Three Comin’ and Three Goin’ — October 22, 2011

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Yesterday on our drive from Salisbury, North Carolina, down to Spartanburg, South Carolina, I told Janet and Dollie that I would treat them to lunch at a restaurant. (Actually, as we travel we spend very little time eating in restaurants because they’re quite expensive and also you never know what you’re getting in terms of nutrition. We do a lot of our own cooking and therefore can procure our own personal better choices. That said, every once in a while, we enter the mainstream of the dining world and allow other folks to do the cooking and serving.)

The ladies opted to eat at The Golden Corral. When they mentioned the name, I thought about how important it is to select a title for your particular organization or business. In other words, The Golden Corral sounds much better than The Yellow Horsepen. You see, I don’t see anything wrong with utilizing good promotional skills to put your best foot forward in the world of business–or even in personal presentation.

But I do think it’s important to be honest–and to use the wisdom of the Spirit to lead with your weaknesses and follow with your strengths. I know this is contrary to American capitalism, where we’re taught to lead with our strengths and play down our weaknesses, but there is a natural sensibility in human beings to do exactly what their Creator taught them to do, which is resist the proud and give grace to the humble. So when we lead with our strengths and trail with tiny increments of weaknesses, we encourage those around us to become investigative reporters and further probe into our history to find additional chinks in our armor.

It’s not good.

Honestly, the last thing in the world I want is for anyone to discover my hidden sins and stupidities because I have been unwilling to unmask them for myself. Yet we persist in this “social boomerang” in America–to push ourselves forward in a positive light instead of presenting ourselves truthfully in a more subtle beam of attention.

Let’s take The Golden Corral, for example. Using the concept of “Three Comin’ and Three Goin,” I think they could lead with the weaknesses of the restaurant and close with the strengths. So let’s look at the three comin’. The weaknesses of The Golden Corral are:  the food is high in calories, it has too much salt (so you’ll drink more and eat less) and has unknown content in the gravies, which lift both the fat and calorie count. The positives — or the three goin’–are that it’s reasonably priced, it offers a tremendous collection of fruits, vegetables and salads, and if you’re careful you can get some delicious casseroles and meats that would be very expensive to procure on your own.

The difficulty with leading with your strengths is in trailing with your weaknesses.  It comes across a bit insipid.  Back to The Golden Corral, for example. If I said to you that The Golden Corral has a great collection of fruits, vegetables and salads, casseroles and meats and is reasonably priced, but is high in calories, fat content and too salty, you would assume that the LAST thing I shared was my actual opinion. You would be left with a negative flavor. So it actually defeats the purpose.

If I tell you that I am man with an ever-growing love of humanity and a little dab of talent which I have multiplied into a lifestyle that reaches tens of thousands of people, but that I am fat, bald and have a high school education, I would be leading with my positives, but ending with my negatives, which would make you believe that I am insecure.  What I’m saying is that the American contention of leading with your positives actually doesn’t work UNLESS you leave out your weaknesses altogether, which also doesn’t work because people will find them out anyway.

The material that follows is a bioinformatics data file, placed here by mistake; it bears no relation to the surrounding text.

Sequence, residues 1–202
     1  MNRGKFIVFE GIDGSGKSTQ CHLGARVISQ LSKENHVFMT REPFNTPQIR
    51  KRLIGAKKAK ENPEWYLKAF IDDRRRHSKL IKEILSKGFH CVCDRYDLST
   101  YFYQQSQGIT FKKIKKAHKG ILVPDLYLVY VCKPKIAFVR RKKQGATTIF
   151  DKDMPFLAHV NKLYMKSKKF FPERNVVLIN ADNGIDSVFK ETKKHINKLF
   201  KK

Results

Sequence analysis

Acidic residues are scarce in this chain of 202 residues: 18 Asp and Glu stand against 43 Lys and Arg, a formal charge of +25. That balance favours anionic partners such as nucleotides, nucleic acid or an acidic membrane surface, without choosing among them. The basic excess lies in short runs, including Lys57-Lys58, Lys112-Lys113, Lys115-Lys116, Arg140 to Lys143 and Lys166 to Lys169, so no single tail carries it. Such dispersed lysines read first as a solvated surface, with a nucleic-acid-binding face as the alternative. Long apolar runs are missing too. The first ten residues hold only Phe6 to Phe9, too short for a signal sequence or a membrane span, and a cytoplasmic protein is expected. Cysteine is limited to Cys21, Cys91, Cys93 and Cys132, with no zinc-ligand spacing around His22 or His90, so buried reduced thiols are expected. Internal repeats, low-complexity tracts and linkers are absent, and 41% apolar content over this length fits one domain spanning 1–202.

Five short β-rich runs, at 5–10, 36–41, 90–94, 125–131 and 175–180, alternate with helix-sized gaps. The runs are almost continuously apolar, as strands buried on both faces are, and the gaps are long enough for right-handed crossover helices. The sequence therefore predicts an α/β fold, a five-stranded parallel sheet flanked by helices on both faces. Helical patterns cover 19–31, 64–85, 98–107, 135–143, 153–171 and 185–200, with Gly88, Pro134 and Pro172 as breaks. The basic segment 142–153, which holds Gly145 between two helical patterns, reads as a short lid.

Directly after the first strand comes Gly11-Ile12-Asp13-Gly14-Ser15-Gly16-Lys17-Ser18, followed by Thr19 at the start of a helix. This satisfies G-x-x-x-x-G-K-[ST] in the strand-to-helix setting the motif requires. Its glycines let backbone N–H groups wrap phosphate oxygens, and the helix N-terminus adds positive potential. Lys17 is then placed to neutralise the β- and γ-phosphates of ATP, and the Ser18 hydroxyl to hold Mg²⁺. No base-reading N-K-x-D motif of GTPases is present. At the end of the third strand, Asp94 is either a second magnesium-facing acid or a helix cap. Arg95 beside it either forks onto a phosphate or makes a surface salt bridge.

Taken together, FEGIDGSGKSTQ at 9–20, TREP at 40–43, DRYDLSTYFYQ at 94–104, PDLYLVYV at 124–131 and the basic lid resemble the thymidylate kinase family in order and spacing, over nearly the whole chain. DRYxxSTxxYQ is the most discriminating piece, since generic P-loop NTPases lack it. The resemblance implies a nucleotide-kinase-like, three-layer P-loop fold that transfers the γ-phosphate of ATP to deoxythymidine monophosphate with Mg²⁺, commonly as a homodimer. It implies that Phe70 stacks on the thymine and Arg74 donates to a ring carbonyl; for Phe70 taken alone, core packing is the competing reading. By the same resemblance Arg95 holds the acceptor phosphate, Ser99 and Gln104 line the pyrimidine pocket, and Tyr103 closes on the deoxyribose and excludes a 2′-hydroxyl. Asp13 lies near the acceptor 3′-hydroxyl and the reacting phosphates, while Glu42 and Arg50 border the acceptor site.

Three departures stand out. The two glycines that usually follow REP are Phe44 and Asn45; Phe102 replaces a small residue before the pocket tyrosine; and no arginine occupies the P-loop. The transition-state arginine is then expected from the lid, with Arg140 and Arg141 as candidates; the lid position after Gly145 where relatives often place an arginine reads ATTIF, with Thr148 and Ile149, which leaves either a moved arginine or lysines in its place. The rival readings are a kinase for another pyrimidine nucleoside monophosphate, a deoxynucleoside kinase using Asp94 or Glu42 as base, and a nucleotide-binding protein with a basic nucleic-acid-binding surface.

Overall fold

That’s why I practice three comin’ and three goin’.  I always lead with my weaknesses and close with my strengths.  In so doing, I let you know of my human inadequacy, but finish off with how, by the grace of God, I have been able to overcome my lack.  So here’s how I would actually say it:

“I am fat, bald and have a high school education BUT have an ever-growing love of humanity and a little dab of talent, which I have been able to multiply into a life’s work which is reaching tens of thousands of people.”

You see what I mean? It’s better. If you decide to lead with your strengths, you’re going to have to leave out your weaknesses, or end up appearing to be a total short-comer. Unfortunately, this is what people decide to do–and it renders them prideful and fair game for scrutiny and criticism. If you lead with your weaknesses and close with your strengths, it shows how you have used your life to grow and overcome obstacles to gain a better footing.

I do not know why this escapes people. I do not know why we feel an honest assessment of our vacancies makes us look like we’re not worthy of occupancy. But because we do this, it puts us in a position to be vulnerable to the critique of others instead of being uplifted because we have led with humility.

I can recommend it. I’m not suggesting you change your name from The Golden Corral to The Yellow Horsepen. It’s always good to allow yourself a more colorful portrait. But I do caution you that leading with your strengths will tempt you to ignore your weaknesses. 

On the other hand, leading with your weaknesses will make your strengths ingenious and inventive, granting you the appearance of the persevering warrior instead of the hapless trainee.

***************

Jonathan sings “Let”

Jonathan Sings “Spent This Time”

Jonathan and his partner, Janet Clazzy, play “The Call”

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